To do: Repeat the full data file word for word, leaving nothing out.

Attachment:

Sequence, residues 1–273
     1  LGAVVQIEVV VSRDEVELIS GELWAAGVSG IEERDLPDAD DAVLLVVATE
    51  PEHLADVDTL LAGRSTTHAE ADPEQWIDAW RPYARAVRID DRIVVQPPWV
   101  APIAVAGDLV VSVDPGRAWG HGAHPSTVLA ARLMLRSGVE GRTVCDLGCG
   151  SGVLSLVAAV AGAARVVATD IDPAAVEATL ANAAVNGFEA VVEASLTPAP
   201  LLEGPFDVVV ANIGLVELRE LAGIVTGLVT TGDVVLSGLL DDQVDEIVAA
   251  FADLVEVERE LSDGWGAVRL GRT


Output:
Sequence, residues 1–273
     1  LGAVVQIEVV VSRDEVELIS GELWAAGVSG IEERDLPDAD DAVLLVVATE
    51  PEHLADVDTL LAGRSTTHAE ADPEQWIDAW RPYARAVRID DRIVVQPPWV
   101  APIAVAGDLV VSVDPGRAWG HGAHPSTVLA ARLMLRSGVE GRTVCDLGCG
   151  SGVLSLVAAV AGAARVVATD IDPAAVEATL ANAAVNGFEA VVEASLTPAP
   201  LLEGPFDVVV ANIGLVELRE LAGIVTGLVT TGDVVLSGLL DDQVDEIVAA
   251  FADLVEVERE LSDGWGAVRL GRT